... Now it was my turn to feel shot full of Novocain. I remembered the power of a good story, especially told by someone who had never written one. I remembered how my father, in his way, had also deserted me and how, even after his death, a part of me wanted him back, partly because I knew if he read my memoirs he would be proud, very proud.
I didn’t have to wonder why Thomas told me his story. He wanted me to write it and, in a sense, keep him alive in the small world of fishing. But did I, a little-known writer with a long line of mistakes in life, have power over who lived and died? If so, did I want it?
The wind, I noticed, had retreated. The leaves were still, and the Meer looked like a life-size frame on a movie screen. Then I realized it was a three-dimensional frame, seemingly a moment frozen in time. Did the Meer somehow create the frame to acknowledge Thomas and to give him a little more precious time? If so, I wished the much larger world could do the same, for him and for other cancer patients as well.
Though the water had become darker, the colors of its vibrating reflections—trees and tall buildings—had brightened, ironically. I thought, again I wish that, as the sun sets on our lives, we became beautiful, like autumn leaves. Are men and women less deserving than leaves because of our mistakes, especially our long, long string of wars? But now, as I look back, I see my cancer-stricken mother having been more beautiful just before she died.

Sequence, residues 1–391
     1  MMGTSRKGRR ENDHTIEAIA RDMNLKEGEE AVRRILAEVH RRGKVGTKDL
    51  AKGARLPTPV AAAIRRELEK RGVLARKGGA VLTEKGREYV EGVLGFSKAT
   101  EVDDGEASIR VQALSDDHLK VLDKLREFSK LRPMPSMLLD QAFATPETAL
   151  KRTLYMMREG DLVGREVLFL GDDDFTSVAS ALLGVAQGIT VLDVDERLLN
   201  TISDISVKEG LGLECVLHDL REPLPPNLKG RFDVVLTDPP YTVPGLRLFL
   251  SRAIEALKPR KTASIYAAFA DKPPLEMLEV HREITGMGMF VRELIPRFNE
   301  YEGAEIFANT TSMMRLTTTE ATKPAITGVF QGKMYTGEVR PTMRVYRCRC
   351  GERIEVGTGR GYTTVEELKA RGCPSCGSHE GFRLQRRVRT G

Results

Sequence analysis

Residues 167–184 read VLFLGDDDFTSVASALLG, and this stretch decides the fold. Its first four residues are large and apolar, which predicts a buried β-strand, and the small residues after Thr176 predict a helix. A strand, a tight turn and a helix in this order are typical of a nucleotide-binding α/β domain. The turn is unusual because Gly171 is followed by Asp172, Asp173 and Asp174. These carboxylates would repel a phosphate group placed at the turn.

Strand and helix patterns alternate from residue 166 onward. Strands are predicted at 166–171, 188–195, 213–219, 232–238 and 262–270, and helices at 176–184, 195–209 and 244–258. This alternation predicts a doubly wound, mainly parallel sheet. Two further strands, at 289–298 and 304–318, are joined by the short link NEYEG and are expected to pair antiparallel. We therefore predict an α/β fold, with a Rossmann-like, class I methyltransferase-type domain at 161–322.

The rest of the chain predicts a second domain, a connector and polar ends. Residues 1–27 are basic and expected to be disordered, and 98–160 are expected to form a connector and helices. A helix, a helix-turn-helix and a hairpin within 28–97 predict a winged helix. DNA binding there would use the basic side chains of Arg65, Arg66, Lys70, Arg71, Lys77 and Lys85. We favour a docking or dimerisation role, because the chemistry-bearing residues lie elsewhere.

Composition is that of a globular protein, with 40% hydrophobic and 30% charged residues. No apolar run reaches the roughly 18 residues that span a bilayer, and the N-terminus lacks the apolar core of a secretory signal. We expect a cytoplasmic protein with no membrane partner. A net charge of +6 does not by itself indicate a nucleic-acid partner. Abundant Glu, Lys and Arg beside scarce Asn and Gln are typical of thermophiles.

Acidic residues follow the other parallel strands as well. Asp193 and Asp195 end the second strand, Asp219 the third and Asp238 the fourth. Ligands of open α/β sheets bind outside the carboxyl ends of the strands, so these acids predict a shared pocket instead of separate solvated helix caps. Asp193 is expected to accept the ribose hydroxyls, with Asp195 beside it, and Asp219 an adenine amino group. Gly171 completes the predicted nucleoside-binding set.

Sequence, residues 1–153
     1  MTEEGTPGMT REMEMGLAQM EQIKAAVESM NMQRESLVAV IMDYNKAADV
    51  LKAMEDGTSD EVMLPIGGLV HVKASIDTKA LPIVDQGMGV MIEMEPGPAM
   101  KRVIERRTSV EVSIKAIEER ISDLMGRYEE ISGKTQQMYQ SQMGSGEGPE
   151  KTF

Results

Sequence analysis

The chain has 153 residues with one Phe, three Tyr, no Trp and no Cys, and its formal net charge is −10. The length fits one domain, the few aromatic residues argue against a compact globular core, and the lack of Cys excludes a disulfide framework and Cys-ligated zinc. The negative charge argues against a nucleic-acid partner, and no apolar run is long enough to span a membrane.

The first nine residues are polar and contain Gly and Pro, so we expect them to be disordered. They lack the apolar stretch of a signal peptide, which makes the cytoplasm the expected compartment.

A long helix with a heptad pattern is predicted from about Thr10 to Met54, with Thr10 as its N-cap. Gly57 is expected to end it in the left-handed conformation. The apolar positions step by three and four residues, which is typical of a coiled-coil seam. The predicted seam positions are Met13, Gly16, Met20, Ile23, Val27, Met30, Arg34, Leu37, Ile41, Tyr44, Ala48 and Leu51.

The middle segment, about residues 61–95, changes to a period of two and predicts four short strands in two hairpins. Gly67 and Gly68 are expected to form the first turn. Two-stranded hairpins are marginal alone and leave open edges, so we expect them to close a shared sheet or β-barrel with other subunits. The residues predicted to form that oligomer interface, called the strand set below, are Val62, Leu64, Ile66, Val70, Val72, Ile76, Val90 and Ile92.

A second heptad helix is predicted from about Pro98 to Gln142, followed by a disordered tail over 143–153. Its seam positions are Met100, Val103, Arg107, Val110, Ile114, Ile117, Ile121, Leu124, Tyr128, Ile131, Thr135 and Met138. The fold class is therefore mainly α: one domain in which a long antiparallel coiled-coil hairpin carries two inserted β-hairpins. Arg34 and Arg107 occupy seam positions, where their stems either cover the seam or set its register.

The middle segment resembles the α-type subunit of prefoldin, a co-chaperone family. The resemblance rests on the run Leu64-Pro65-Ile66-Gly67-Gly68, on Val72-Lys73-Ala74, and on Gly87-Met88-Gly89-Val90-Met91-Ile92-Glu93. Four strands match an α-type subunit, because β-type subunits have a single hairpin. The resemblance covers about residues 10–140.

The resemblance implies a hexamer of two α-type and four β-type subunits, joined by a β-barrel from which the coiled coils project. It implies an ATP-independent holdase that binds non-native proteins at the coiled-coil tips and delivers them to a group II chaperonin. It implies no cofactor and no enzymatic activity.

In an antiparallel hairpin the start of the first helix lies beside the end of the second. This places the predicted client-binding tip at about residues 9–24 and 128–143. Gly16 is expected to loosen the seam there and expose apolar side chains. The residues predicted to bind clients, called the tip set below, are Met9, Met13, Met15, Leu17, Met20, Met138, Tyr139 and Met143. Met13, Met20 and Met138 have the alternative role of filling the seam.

A flock of geese dived and shattered the calm surface of the Meer. The geese and seagulls soon formed two distinct camps on the water. The camps reminded me of opposing armies on the night before they clashed. But the geese swam away. The seagulls didn’t pursue. Yes, geese and seagulls are more like anglers sharing the same lake or river than like opposing armies fighting, killing for the same land.
“Randy, I have to go. Good luck with your test.”
“Thanks, Thomas, thanks.”
I watched him drive out of the park. Will I see him again? I wondered. If I don’t, I’ll miss him. How I wish I could see my parents again. But at least I can still see my sister. Thank God she never overdosed. I wonder what’s going through Thomas’s mind, knowing he might not ever again see the Meer? What will his final journey—to where time cannot go—be like? And what will my final journey be like? Is it better if I don’t know? ...
The Way of the River My Journey of Fishing, Forgivness and Spiritual Recovery